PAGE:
Algorithm 2 was executed to obtain the representative curve of the base date during the crisis. The centroid was calculated from the EC values of the curves found in the sixth stage and filtered in the seventh stage. Figure 11(a) shows the centroid and the nearest curves (there were 7 elements in the corresponding cluster after the sixth stage). The three curves that showed lower errors with respect to the centroid were selected (Figure 11(b)). The representative EC curves in the crisis period were calculated in the same way as those in Algorithm 1, that is, from the mean value of the EC of the three nearest curves and normalised to the maximum consumption value (315.55 kW). This curve is also shown in Figure 12(a).
(a)
(b)
(a)
(b)
3.9. Representative Curves Linearization
The representative load curves, obtained in the previous stage (Figure 12(a)), were linearized. The first operation in the linearization process was the search for the consumption limits of the four time slots and the minute of the day when they were produced. In Table 3, the extreme values of representative curve in the precrisis period are characterized. Then the percentage of margin between the limits was defined in the 25%. The value of this margin was selected because it obtained a better curve characterization. Figure 12(b) shows the linearized load curves that resulted from the process containing the base date 10/02/2005.

Using the limit values of Table 3 and following the process defined in the methodology, we calculated the new time borders and the normalized average consumption value of the daily slots. The result of these calculations, represented in Figure 13, was(i)A: from minute 52 (Point 1) to 481 , with a value of 0.29614;(ii)B: from minute 582 to 781 , with a value of 0.89146;(iii)C: from minute 848 to 986 , with a value of 0.55221;(iv)D: from minute 1078 to 1270 , with a value of 0.92264.The A slot corresponds to the night period, the B corresponds to the morning, the C corresponds to the lunch time, and the D corresponds to the afternoon and evening. These time slots were adjusted according to Spain timetable.
This process ultimately yielded two linearized representative curves for each of the dates selected by the filters. Each curve was located in one of the two considered time periods (precrisis and crisis). These curves represent the daily EC of a winter day, from Monday to Thursday (filter f2), with air temperatures and EC near the base date values.
4. Results and Discussions
The method described for a specific date (10/02/2005 in the previous section) was applied to all the available dates (near 11 years). In order to conclusively analyse the EC changes during the economic crisis, statistic calculations were carried out using the linearized load curves. Table 4 shows the results of the study about the duration of time slots. This table presents the percentage of days, for each month, with the duration of the time slots longer during the precrisis period than during the crisis period. We did not obtain values for March because the number of comparable dates was insufficient. Percentages less than 25% or greater than 75% were considered to be limit values in order to obtain conclusions.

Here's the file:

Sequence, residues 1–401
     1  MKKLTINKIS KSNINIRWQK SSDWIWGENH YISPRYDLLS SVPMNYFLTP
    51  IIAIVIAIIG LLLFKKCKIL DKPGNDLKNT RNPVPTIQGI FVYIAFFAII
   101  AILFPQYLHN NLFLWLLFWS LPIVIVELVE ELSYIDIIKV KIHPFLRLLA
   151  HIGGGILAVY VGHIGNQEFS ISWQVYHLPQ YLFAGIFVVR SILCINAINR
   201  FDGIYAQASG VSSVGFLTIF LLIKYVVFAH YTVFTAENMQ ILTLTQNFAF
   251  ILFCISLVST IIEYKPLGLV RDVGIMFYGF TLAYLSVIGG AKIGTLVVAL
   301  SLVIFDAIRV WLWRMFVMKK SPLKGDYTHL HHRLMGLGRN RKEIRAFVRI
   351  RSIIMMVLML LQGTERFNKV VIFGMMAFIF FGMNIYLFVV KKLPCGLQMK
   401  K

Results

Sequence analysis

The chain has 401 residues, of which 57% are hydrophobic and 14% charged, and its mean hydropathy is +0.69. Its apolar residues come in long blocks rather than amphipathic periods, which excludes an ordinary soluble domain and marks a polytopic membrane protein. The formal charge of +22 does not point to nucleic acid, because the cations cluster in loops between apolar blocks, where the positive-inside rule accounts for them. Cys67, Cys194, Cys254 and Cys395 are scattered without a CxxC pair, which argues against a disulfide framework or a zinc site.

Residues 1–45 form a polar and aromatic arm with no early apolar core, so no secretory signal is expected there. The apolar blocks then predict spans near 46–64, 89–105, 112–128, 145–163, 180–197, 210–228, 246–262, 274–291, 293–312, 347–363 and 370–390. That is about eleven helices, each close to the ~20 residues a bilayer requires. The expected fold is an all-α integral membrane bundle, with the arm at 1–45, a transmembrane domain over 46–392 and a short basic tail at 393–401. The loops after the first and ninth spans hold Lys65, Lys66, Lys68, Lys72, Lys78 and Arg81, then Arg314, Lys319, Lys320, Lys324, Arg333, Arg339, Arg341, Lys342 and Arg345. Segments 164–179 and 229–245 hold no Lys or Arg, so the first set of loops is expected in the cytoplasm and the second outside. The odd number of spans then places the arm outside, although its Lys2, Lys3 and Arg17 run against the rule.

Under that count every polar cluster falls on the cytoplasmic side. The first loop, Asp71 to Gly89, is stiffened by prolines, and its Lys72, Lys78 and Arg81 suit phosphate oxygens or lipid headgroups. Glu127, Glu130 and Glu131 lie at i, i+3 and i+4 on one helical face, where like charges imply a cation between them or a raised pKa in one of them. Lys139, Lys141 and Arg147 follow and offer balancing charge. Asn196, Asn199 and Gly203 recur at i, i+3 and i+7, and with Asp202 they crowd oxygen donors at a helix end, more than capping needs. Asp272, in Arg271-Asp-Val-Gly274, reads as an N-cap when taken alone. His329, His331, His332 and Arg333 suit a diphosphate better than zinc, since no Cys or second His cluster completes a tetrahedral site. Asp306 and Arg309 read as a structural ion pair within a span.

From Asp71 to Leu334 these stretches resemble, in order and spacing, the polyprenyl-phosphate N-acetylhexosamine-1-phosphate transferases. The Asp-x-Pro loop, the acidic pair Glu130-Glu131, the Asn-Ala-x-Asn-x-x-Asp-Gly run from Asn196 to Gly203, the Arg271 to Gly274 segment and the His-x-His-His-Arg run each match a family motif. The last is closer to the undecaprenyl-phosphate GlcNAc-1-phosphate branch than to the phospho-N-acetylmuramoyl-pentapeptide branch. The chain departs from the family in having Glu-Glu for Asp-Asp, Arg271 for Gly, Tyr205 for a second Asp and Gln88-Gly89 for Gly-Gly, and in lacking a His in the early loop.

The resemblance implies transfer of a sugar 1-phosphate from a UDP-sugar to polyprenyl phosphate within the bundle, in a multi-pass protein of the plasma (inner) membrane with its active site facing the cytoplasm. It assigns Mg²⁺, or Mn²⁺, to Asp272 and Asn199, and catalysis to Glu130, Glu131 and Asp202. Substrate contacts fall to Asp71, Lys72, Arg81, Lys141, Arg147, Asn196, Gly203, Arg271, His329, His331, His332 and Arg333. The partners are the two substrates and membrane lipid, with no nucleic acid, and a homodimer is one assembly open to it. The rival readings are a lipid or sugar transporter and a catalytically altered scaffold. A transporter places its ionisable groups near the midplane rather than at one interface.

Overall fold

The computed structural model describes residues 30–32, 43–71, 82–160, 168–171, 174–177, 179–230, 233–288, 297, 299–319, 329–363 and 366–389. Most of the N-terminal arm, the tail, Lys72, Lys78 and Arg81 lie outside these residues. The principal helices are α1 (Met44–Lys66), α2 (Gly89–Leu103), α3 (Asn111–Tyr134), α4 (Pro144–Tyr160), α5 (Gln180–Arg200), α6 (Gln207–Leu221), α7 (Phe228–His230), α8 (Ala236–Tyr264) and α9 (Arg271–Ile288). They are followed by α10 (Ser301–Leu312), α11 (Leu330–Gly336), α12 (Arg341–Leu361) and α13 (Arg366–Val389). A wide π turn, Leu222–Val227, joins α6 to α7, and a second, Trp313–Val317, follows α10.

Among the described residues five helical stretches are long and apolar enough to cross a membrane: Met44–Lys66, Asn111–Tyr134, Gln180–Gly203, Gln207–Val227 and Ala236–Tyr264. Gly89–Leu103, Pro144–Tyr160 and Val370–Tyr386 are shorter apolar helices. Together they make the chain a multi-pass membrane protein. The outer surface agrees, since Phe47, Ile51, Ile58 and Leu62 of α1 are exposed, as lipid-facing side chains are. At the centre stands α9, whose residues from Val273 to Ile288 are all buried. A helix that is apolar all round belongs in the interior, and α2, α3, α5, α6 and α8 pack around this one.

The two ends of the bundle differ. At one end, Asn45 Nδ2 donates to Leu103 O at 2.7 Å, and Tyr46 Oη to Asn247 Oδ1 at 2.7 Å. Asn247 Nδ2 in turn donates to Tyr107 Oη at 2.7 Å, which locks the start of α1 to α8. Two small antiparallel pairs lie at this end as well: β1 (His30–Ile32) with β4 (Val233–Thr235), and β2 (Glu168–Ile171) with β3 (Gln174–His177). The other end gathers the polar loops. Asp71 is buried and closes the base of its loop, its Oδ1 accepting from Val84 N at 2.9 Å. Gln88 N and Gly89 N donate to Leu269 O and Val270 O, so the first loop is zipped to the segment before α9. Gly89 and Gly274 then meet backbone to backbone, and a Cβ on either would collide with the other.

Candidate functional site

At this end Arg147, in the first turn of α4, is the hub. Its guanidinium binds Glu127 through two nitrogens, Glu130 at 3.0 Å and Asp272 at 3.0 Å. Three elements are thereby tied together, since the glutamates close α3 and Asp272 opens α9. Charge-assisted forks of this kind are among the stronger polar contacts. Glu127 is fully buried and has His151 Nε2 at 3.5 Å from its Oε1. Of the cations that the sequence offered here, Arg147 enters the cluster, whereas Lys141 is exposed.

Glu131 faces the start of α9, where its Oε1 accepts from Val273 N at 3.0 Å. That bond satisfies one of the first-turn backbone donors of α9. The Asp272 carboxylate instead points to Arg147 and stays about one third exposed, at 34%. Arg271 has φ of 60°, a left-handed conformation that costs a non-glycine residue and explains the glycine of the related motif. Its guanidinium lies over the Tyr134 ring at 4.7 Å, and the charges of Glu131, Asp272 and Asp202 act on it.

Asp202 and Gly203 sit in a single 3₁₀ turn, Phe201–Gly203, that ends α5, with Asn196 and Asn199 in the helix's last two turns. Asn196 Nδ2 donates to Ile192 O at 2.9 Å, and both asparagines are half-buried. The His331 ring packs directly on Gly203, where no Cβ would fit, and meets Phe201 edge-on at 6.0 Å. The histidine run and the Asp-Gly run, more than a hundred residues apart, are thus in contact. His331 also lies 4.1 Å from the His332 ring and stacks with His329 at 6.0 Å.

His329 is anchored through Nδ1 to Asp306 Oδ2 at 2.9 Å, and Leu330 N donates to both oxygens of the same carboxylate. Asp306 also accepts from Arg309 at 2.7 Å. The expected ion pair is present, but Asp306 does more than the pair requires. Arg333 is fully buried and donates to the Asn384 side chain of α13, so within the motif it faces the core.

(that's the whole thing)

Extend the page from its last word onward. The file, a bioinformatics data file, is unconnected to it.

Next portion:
When the maximum or minimum EC values before and during the crisis were analysed, we detected an increase in the minimum value in the night slot of July and August. The consumption during this slot was mainly residential (the consumption of the other consumers connected to the substation was not significant at those hours), and this increase was only perceived in the warmer months. Therefore, the larger consumption may be attributed to an increased use of airconditioning systems due to an increase in the housing occupancy. During the crisis, citizens were more likely to stay at home in summer. In the morning slot of the cold months (January, February, and December), the maximum EC value was higher during the crisis, which may be attributed to consumers spending more time at home in the morning. The minimum value generally increased during the lunch slot, which may be attributed to an increased number of consumers eating lunch at home.
Observing the results of the slots duration, we can comment that the duration of the morning and afternoon and evening slots was very similar in the two periods. The night slot lasted longer during the crisis. This is evident because most of the months contained days that showed longer slots in the crisis period than in the precrisis period. For example, all the days in January and December have a longer night slot in the crisis period. The minimum EC was registered in this time slot. This change in the consumption behaviour was especially associated with the school activity months and the colder days, which can be attributed to an improvement in the energy efficiency of electric appliances and their reduced use. Electric appliances mainly refer to heating and lighting appliances here.
5. Conclusions
We have designed a new methodology for comparison of EC curves. The proposed methodology has been used to compare the EC curves of an urban lowvoltage substation although it can be used for other types of substations. The comparable load curves were obtained using minute EC and daily outdoor temperature values. To realise the comparable load curves selection, the proximity on the calendar, day of the week, daylight time, and daily air temperature were considered, as well as the minute EC values. The resultant load curves in the two periods under study (precrisis and economic crisis) were compared. The studied parameters were the maximum or minimum EC values and the duration of the daily temporal slots.
The comparison of the linearized representative curves in the precrisis and the crisis periods shows significant differences in the duration of the time slots and in the corresponding maximum and minimum EC values. These differences can be attributed to a change in the customers behaviour.